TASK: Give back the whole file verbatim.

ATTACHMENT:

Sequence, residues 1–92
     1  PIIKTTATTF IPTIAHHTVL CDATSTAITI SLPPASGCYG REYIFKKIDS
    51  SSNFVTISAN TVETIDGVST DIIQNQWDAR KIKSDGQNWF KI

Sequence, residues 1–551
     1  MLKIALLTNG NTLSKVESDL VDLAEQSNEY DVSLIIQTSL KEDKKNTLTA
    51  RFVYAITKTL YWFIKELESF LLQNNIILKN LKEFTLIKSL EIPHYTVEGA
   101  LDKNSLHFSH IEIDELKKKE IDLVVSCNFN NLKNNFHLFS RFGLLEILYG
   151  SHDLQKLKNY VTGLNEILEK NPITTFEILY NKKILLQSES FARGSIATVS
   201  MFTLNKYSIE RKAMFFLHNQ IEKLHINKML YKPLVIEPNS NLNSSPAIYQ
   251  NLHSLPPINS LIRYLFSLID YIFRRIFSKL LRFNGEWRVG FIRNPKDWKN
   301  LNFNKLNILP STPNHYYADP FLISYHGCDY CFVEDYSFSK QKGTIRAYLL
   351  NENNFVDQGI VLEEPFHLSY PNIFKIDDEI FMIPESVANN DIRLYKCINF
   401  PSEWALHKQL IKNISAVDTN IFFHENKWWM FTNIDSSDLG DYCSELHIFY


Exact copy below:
Sequence, residues 1–92
     1  PIIKTTATTF IPTIAHHTVL CDATSTAITI SLPPASGCYG REYIFKKIDS
    51  SSNFVTISAN TVETIDGVST DIIQNQWDAR KIKSDGQNWF KI

Sequence, residues 1–551
     1  MLKIALLTNG NTLSKVESDL VDLAEQSNEY DVSLIIQTSL KEDKKNTLTA
    51  RFVYAITKTL YWFIKELESF LLQNNIILKN LKEFTLIKSL EIPHYTVEGA
   101  LDKNSLHFSH IEIDELKKKE IDLVVSCNFN NLKNNFHLFS RFGLLEILYG
   151  SHDLQKLKNY VTGLNEILEK NPITTFEILY NKKILLQSES FARGSIATVS
   201  MFTLNKYSIE RKAMFFLHNQ IEKLHINKML YKPLVIEPNS NLNSSPAIYQ
   251  NLHSLPPINS LIRYLFSLID YIFRRIFSKL LRFNGEWRVG FIRNPKDWKN
   301  LNFNKLNILP STPNHYYADP FLISYHGCDY CFVEDYSFSK QKGTIRAYLL
   351  NENNFVDQGI VLEEPFHLSY PNIFKIDDEI FMIPESVANN DIRLYKCINF
   401  PSEWALHKQL IKNISAVDTN IFFHENKWWM FTNIDSSDLG DYCSELHIFY